Sunday, June 9, 2013

Star Trek V: The Final Frontier

  I can say for certain this is the weakest link of the original movies. Though nowhere near as bad as people say it is, at least The Final Frontier reaches out for something. All but The Motion Picture itself were inert films. Not to say they were bad, but there was no sense of exploration, no wonder of the unknown. They were contained and borderline claustrophobic in scope. Yet, it's truly sad that when Star Trek finally reaches out to the unknown... with big philosophical questions... it stumbles so badly.  I think lots blame this on director and star William Shatner, and I can see why, yet I believe it is not entirely his fault. The budget seems obviously reduced, and it doesn't feel like anyone had a good bead on the story to begin with. Thus, Paramount offers up this rushed and haphazard adventure into the far reaches of space, where for once... the crew actually goes... where no man has gone before.

  It's not a terrible movie. It starts off very well. It captured my attention immediately, it had a great opening. Even the crew's shore leave scenes weren't awful. Kirk climbing a mountain and so on. Yet, despite how promising the first parts are, you get a sense that something is off. The humor is where I lay my blame. Some of it seems shoehorned in. Some scenes are outright laughably bad. This is not a comedy. The Voyage Home pulled it off because it's story, setting, and dynamic all were able to embrace a comedic tone. Even then it was more tongue in cheek than anything. The humor seems jammed in every five minutes or so, and it's pretty unnatural when it is. Not to say the casts chemistry isn't here, it just seems tampered with.  Sulu and Chekov are largely wasted, not to say they ever got the lions share of the best lines or scenes, but they seriously feel short changed here. A relationship is inferred between Uhura and Scotty, which feels weird... and uncomfortable. The list goes on...

  The plot itself is easily summed up, but hard to follow. A mysterious Vulcan named Sybok, on a planet where apparently, no starships have been to in ages, rallies together some desert soldiers to help him take some dignitaries hostage so that spaceships will come to rescue them. Upon which they will hijack a starship so they can fly it to the middle of the galaxy and find god. Well... I take back what I said about easy. The back of the DVD case made it look easy. Alas, this makes no sense. Why does he need these soldiers? Why not just commander a ship? Or buy one? It's never explained why he mind controls people, or how exactly. Sulu and Uhura fall prey to it so easily, yet Bones and Spock are able to resist? Sybok is a weak character, who's made out to be (spoilers?) Spock's half brother. Which... was lazy writing. Nothing comes of this to be honest, and nothing comes from him even being Vulcan. His plan makes zero sense, and he acts like a prophet to the stars. Oh I don't understand this shit. It makes no sense once you look at it too hard.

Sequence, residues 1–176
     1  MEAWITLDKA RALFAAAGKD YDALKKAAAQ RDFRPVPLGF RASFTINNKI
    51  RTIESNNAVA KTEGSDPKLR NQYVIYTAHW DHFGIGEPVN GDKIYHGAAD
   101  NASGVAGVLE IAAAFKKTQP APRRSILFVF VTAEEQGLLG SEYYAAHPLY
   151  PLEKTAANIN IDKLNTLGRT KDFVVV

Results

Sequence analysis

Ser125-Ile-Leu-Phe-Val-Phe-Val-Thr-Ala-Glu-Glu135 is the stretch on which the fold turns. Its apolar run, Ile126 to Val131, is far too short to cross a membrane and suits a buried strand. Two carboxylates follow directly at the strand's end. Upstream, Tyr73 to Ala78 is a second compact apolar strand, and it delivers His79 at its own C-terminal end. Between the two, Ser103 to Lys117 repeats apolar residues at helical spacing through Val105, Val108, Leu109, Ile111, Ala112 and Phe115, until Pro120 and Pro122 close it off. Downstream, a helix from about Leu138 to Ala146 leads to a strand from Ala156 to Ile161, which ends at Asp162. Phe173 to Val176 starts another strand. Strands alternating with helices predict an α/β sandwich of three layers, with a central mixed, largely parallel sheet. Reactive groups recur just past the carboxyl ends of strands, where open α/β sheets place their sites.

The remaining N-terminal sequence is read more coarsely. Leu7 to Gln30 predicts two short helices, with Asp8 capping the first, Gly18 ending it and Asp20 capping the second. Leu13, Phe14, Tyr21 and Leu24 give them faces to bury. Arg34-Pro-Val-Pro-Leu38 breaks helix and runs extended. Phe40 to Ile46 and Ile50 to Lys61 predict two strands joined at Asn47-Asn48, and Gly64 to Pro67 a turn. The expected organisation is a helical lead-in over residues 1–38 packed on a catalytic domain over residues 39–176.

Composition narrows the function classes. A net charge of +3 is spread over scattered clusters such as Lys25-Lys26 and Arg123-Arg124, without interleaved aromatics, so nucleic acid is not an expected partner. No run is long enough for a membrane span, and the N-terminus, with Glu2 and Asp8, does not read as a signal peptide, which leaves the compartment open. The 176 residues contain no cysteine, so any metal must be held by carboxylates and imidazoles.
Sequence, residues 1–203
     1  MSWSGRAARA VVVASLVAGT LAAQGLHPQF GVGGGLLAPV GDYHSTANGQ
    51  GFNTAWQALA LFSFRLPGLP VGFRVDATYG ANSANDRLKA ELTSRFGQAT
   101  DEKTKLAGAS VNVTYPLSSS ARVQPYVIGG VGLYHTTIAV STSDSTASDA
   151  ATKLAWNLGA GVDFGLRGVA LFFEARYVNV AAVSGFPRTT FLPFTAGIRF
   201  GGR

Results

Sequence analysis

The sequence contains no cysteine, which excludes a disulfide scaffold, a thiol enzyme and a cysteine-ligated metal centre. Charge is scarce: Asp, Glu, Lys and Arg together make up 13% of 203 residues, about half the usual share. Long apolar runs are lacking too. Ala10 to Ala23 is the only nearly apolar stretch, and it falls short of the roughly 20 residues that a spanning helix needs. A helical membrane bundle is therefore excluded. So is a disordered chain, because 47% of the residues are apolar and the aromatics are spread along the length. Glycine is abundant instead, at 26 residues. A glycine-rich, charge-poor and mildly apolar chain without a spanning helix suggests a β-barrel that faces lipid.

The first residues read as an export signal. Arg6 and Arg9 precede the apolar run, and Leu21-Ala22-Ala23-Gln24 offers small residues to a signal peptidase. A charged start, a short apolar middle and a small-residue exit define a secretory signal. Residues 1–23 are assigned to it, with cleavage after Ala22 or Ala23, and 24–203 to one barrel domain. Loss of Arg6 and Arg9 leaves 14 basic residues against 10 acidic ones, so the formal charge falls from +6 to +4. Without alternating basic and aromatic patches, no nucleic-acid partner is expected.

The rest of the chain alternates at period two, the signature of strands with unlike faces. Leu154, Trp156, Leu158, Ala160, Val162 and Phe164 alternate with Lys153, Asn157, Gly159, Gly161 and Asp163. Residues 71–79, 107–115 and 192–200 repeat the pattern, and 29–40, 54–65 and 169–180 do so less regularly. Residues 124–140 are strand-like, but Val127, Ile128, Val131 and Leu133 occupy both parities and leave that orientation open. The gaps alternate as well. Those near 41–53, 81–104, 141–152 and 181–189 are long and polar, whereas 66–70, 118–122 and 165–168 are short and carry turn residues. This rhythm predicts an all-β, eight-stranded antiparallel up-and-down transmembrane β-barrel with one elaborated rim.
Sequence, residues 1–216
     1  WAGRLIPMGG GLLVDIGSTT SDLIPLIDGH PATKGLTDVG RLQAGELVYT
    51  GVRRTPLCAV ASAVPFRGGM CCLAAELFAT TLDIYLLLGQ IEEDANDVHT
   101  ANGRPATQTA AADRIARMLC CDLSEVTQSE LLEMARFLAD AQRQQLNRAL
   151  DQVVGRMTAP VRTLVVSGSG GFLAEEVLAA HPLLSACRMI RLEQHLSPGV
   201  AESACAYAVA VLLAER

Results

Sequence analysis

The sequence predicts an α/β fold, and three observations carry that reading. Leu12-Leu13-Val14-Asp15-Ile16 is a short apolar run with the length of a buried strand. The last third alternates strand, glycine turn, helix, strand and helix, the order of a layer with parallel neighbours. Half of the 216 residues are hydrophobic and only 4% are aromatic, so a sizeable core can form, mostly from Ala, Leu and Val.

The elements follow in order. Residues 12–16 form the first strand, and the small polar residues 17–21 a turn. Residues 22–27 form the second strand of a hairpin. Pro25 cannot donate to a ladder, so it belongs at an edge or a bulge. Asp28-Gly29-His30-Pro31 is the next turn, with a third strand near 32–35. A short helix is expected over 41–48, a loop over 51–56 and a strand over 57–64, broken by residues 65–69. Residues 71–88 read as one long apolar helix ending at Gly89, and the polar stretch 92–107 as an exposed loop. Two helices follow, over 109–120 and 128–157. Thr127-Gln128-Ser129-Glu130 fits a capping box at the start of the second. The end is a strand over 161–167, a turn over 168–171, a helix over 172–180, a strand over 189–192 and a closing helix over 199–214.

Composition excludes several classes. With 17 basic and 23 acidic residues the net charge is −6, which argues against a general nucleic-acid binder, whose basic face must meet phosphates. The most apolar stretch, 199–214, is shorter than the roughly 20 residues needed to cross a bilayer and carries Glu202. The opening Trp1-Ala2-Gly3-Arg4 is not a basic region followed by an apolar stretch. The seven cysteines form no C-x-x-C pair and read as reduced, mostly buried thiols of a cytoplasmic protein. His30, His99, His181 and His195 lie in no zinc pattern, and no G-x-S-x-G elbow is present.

You'd be surprised how hard "too hard" really is. Here's a tip: not hard at all. If you just go along for the ride, I suppose it's okay. Bad guy hijacks a starship to take it to a mysterious planet where supposedly a god resides. The part with that planet isn't awful actually. It's one of the highlights of the movie. It'd be even better if the effects weren't so horrible and cheesy looking. The movie has a sense of gravitas. Yet one that's undercut by the hundreds of plot holes, and the odd slapstick humor. I don't it... I just don't.

  "I know this ship better than the back of my hand!" Proclaims Scotty, right before he walks into a bulkhead and knocks himself out cold. This is one of the movie's cringe worthy moments, yet on the flipside, there are some great moments too. Kirk's rescue from "God" at the end. How that ties into a scene much earlier on. There are little things in here that are fantastic. Little bits of dialog, little scenes. Great stuff. Unfortunately they're laid out amongst a mess of lazy writing, plot holes, horrible humor, and a story that zig zags so much, it succeeds only in confusing you. Or boring you. Yet I can't bring myself to absolutely trash it. There are glimpses of greatness, of serious potential. There was an inspired concept under all this, and some scenes really show that.  Unfortunately, strong ambitious concepts can't carry a movie by themself, nor can the odd chemistry of the crew this time around.

  The cast seems tired, with phoned in performances, the only moments where they truly shine is when the story isn't wrestling their dialog away from them and using it as an exposition device or as a slapstick tool.  At it's best, The Final Frontier feels like a bunch of old war buddies getting back together for one last kick, unfortunately, we caught them all on a bad day. Maybe next time guys. This wasn't your best. I will say though, it's not my least favorite Trek movie ever. However, we'll get to that later on. Much later on. There's about four more movies between this one, and that one.

No comments:

Post a Comment